An important theorem concerning derivatives is this:
If a function f is differentiable at x = a, then f is continuous at x = a.
The proof begins with the identity that for all
Since both sides are finite, the function is continuous at x = a.
The converse of this theorem is false: A continuous function is not necessarily differentiable. A counterexample is the absolute value function which is continuous at the origin but not differentiable there. (The slope approaching from the left is not equal to the slope from the right.)
This is a theorem whose contrapositive is used as much as the theorem itself. The contrapositive is,
If a function is not continuous at a point, then it is not differentiable there.
Example 1: A function such as has a (removable) discontinuity at x = 3, but no value there.
So, in the limit definition of the derivative, there is no value of g(3) to use, and the derivative does not exist.
Example 2: . This function has a jump discontinuity at x = 1.
Since the point (1, 1) is on the left part of the graph, if h > 0, and the limit will always be a number greater than 3 divided by zero and will not exist. Therefore, even though the slopes from both side of x =1 approach the same value, namely 2, the derivative does not exist at x = 1.
This also applies to a situation like example 1 if f(3) were some value that did not fill in the hole in the graph.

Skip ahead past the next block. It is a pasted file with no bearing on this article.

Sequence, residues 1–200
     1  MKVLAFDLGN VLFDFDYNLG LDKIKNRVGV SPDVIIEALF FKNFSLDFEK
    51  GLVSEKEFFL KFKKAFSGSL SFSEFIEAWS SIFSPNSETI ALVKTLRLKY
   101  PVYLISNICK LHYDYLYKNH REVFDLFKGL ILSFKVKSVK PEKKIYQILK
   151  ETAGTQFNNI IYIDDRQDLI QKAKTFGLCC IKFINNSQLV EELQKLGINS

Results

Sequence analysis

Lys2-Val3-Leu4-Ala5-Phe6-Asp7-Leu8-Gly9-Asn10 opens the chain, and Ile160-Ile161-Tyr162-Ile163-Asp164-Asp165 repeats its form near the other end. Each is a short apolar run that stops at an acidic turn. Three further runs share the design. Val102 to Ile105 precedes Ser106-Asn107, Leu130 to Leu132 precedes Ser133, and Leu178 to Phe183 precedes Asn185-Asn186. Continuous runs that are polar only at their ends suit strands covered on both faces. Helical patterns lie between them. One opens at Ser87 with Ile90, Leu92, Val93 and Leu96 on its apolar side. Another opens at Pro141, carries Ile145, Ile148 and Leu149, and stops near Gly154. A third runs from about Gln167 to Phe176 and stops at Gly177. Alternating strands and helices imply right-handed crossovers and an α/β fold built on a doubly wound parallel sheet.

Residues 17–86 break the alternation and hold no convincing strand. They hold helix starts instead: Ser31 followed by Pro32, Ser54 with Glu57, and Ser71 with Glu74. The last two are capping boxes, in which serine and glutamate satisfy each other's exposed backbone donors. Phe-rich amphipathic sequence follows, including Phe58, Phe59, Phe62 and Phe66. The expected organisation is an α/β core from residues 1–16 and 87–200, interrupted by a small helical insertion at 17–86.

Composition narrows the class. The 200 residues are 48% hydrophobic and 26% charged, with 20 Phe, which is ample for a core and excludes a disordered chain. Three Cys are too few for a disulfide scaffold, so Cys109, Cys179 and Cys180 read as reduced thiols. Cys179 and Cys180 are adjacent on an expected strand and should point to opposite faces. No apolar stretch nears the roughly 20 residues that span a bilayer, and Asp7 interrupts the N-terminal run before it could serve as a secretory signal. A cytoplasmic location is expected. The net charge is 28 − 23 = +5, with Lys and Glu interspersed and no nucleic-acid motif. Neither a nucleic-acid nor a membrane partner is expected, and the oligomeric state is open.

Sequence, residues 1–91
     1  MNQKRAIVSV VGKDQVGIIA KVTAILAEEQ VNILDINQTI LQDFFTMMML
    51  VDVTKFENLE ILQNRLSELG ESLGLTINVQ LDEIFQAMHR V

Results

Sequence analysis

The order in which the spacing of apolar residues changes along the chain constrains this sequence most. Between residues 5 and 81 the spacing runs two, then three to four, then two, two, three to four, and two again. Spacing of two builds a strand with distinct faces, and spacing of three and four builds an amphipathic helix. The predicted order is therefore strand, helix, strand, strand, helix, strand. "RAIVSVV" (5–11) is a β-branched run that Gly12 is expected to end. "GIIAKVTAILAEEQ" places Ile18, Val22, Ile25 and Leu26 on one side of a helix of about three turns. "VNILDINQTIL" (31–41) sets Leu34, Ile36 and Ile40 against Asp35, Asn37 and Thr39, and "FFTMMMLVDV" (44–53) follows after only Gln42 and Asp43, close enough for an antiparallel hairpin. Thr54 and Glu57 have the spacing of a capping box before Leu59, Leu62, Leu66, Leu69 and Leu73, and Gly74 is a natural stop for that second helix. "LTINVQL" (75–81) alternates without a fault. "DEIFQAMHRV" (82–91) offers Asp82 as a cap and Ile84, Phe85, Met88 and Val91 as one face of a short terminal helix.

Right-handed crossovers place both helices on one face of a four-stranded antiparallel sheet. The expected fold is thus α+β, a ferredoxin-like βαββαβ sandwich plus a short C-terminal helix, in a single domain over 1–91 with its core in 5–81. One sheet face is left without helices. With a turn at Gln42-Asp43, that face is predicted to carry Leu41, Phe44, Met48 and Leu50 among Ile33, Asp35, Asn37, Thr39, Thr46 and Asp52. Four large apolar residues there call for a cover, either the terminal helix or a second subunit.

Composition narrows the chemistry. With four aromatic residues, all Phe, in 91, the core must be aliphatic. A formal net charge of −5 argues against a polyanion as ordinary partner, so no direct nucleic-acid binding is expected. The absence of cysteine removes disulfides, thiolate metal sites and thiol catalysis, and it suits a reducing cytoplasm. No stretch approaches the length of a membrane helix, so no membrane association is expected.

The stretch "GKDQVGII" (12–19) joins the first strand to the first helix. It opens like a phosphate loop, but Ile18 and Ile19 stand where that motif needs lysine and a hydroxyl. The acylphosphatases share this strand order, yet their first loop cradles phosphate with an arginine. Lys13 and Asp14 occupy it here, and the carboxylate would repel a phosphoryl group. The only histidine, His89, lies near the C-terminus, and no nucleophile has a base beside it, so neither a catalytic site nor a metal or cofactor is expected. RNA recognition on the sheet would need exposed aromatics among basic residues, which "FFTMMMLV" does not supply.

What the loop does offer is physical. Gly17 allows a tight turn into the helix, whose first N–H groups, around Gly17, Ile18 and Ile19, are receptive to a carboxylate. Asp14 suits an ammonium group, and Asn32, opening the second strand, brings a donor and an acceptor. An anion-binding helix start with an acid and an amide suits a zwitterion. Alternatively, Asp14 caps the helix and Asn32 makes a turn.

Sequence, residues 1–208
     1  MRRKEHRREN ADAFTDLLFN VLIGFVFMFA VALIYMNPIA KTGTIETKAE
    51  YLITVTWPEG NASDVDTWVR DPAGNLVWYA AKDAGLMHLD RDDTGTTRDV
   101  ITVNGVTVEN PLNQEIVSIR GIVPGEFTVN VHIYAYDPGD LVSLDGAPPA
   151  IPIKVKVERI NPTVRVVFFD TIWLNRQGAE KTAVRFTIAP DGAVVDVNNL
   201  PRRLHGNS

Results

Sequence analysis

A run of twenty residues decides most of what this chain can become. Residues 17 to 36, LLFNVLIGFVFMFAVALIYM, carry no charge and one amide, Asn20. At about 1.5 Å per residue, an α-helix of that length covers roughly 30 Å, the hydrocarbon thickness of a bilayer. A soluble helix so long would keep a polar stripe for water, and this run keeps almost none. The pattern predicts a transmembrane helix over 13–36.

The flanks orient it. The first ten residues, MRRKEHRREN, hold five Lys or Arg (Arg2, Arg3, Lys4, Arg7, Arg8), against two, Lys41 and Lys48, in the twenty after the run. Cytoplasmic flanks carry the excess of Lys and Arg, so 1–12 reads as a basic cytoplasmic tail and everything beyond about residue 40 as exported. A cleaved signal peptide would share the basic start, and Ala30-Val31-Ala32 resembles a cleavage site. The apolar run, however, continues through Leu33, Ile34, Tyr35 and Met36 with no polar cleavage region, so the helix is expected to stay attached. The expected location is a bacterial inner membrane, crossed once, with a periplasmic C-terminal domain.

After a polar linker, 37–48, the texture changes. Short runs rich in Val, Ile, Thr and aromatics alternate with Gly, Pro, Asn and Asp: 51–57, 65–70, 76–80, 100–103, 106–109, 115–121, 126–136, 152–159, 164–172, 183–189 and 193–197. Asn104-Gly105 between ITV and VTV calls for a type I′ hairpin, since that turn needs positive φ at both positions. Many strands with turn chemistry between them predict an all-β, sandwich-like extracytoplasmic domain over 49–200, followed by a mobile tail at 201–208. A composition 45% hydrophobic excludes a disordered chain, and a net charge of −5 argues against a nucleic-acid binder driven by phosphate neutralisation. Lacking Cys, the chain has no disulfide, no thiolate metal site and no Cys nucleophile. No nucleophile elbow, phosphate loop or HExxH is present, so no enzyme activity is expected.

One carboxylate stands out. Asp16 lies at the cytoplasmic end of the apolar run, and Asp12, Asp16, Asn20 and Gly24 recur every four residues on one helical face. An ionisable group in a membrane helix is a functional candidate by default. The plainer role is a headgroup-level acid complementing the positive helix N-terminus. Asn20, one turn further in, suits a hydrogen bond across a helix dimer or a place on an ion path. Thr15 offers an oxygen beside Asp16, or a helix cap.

On the AP Calculus exams students are often asked about the derivative of a function like those in the examples, and the lack of continuity should be an immediate clue that the derivative does not exist. See 2008 AB 6 (multiple-choice).
Just as important are questions in which the function is given as differentiable, but the student needs to know about continuity. Just remember: differentiability implies continuity. See 2013 AB 14 in which you must realize the since the function is given as differentiable at x = 1, it must be continuous there to solve the problem.
Continuity of the Derivative
A question that comes up is, if a function is differentiable is its derivative differentiable? The answer is no. While almost always the derivative is also differentiable, there is this counterexample:
The first line of the function has a removable oscillating discontinuity at x = 0, but since the factor squeezes the function to the origin; the added condition that makes the function continuous. Differentiating gives
And now there is no way to get around the oscillating discontinuity at x = 0.